Film production in Los Angeles County is reportedly down by as much as 50%, the AFI Film Festival will be trying a Hail Mary of charging no admission to jumpstart attendance at its November event, and now the Los Angeles County Museum of Art has announced it’s shutting down its film department, thereby terminating its longstanding program of specialized weekend film screenings, along with Tuesday matinees.
Doesn’t Los Angeles want to be the world’s movie capital any longer?
Any cutbacks, downsizing or shop closings these days are easily blamed on the economy. But such an explanation just seems too convenient where LACMA’s film screenings are concerned. LACMA director Michael Govan claims that the film department has lost about $1 million over the past decade, but presumably whatever “losses” were incurred from 1999-2007 were comfortably absorbed by the museum’s overall operating budget, as were, no doubt, many of LACMA’s other exhibitions and programs. I’m told the film program ran at a deficit of $70,000 last year, which is chicken feed for such an institution.
Is it worth closing down the entire film operation just for that? Hardly. It seems like just an excuse to eliminate an activity in which the current museum administration must not be very interested. LACMA could easily continue showing films if it really wanted to, or at least keep the program going until it works out whatever adjustments Govan and his team want to make.
Along with the Museum of Modern Art in New York City, which shows films all the time and can boast of its own formidable collection of thousands of titles, LACMA is the only major city art museum to have maintained a film program on an ongoing basis over the years. Its 600-seat Leo S. Bing Theater is an excellent venue, and the weekly Tuesday matinees offer a welcome opportunity for older residents of the Fairfax district to enjoy vintage Hollywood fare.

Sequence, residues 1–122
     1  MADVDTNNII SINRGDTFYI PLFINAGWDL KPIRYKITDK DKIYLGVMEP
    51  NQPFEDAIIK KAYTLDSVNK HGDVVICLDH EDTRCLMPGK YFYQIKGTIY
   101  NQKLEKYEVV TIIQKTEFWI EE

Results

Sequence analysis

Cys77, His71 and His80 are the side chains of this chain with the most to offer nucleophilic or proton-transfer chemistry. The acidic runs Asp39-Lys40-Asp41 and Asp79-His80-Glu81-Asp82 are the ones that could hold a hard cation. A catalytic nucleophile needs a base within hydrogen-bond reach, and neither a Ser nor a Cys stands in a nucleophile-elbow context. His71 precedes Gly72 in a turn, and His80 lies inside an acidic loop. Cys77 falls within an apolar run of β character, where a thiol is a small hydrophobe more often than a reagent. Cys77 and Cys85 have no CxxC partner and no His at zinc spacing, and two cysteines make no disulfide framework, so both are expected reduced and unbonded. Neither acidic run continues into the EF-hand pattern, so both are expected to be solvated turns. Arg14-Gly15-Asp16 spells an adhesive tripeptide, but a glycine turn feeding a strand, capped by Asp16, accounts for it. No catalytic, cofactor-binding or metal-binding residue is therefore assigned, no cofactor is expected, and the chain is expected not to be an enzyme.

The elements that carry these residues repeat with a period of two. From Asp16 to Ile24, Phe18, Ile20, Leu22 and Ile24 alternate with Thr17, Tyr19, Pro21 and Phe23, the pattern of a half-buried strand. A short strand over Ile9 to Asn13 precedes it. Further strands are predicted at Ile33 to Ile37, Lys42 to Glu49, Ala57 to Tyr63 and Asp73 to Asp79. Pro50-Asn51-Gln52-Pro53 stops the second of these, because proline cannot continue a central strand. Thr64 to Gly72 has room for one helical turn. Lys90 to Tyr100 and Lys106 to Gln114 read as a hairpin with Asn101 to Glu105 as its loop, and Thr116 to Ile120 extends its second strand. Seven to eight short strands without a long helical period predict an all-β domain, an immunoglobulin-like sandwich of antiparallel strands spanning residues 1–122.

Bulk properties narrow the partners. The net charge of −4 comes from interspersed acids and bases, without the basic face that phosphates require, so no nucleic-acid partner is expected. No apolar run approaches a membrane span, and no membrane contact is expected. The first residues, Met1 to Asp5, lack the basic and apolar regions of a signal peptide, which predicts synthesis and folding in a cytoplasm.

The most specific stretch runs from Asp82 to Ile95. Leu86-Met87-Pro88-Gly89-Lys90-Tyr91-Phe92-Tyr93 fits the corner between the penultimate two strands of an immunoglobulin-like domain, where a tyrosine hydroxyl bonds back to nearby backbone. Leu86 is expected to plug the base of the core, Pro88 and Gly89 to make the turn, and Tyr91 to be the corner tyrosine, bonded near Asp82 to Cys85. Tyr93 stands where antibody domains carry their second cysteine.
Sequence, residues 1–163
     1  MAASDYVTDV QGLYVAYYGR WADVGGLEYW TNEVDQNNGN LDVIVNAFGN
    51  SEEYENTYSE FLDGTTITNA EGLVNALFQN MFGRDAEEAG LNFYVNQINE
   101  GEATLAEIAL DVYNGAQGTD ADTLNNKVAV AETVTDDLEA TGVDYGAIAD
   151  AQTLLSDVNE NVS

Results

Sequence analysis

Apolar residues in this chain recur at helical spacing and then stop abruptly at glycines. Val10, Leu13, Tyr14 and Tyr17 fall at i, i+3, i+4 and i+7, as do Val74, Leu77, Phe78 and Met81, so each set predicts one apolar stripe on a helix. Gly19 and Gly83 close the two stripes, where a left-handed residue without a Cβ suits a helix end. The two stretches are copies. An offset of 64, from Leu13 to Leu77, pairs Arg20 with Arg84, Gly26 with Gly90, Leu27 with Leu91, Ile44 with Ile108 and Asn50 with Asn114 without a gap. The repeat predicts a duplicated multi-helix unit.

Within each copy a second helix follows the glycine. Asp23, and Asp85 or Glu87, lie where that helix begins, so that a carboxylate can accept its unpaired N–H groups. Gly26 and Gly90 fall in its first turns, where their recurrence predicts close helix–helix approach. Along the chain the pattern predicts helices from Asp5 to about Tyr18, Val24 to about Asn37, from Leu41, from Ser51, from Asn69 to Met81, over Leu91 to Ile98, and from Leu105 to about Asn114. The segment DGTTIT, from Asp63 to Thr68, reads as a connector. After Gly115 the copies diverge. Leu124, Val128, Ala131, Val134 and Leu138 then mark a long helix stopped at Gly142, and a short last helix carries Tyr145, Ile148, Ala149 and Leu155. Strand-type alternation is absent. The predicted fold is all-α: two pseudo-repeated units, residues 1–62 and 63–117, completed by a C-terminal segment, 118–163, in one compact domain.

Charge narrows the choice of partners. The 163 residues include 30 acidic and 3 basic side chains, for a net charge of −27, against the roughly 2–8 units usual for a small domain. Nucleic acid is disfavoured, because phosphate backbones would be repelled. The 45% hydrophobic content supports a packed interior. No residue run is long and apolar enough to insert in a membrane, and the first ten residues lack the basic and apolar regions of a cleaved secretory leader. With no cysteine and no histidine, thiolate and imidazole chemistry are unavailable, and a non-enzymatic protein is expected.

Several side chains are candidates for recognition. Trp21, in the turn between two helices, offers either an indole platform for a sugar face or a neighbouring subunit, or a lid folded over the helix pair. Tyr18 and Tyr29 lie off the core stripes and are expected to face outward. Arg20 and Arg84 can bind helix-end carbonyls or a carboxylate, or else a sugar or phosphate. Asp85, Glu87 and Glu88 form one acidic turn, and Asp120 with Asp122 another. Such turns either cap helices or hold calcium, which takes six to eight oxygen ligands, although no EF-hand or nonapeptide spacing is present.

First under the late Ron Haver and for the past 13 years under Ian Birnie, LACMA programming has been smart, useful and reliable, seemingly catering to a good cross-section of the public. It’s also low-key, without glitz or trendiness. It’s also had no promotion, which, if the hierarchy were truly concerned about spiking revenues, it could have done something about. Once in a great while, the film series connected to Hollywood in a meaningful way — I have wonderful memories of hosting an onstage interview with Walter Mirisch before a packed house at the kick-off of a Mirisch brothers series a few years ago, with Blake Edwards and Julie Andrews among the many in attendance — and occasionally some special guests affiliated with specific films would come to speak. When I did some guest programming there after Haver’s death, Angie Dickinson and Richard Fleischer were nice enough to come along with films of theirs I’d scheduled, and audiences always turned out for these special appearances.
A generation ago, Los Angeles had an abundance of revival houses and institutions devoted to showing older, foreign and specialized fare: the Nuart, Fox Venice, Sherman, New Beverly, Vagabond, UCLA Film Archives, frequently USC, the Tiffany on the Strip and others that came and went. The New Beverly, the only commercial theater still in the frequent-change double-bill business, is trying to hang on, UCLA has fancy digs now at the Hammer, and the American Cinematheque keeps working on the formulas that will keep two venues, the Egyptian in Hollywood and the Aero in Santa Monica, operating.
But LACMA has always had the most central location and a certain cachet as a high art venue that set it apart. My sense is that, for whatever reasons, LACMA has taken the easy road of using meager economic reasons to justify closing down a department that has been cherished by many people over many years, when it could have bucked the trend and proudly, defiantly kept it going if it really wanted to, evolving the programming to its taste if desired.